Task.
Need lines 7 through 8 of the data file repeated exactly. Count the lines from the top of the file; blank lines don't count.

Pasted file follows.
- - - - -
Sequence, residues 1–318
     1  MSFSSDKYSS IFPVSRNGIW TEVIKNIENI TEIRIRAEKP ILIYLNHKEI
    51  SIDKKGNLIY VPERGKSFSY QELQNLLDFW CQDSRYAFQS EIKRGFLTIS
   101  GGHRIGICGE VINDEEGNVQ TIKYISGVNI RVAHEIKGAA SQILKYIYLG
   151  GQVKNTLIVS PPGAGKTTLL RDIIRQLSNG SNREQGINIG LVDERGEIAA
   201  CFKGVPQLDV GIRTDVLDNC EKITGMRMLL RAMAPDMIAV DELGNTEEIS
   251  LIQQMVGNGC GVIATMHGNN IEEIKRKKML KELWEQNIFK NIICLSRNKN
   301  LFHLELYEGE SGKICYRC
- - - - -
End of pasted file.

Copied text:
   251  LIQQMVGNGC GVIATMHGNN IEEIKRKKML KELWEQNIFK NIICLSRNKN
   301  LFHLELYEGE SGKICYRC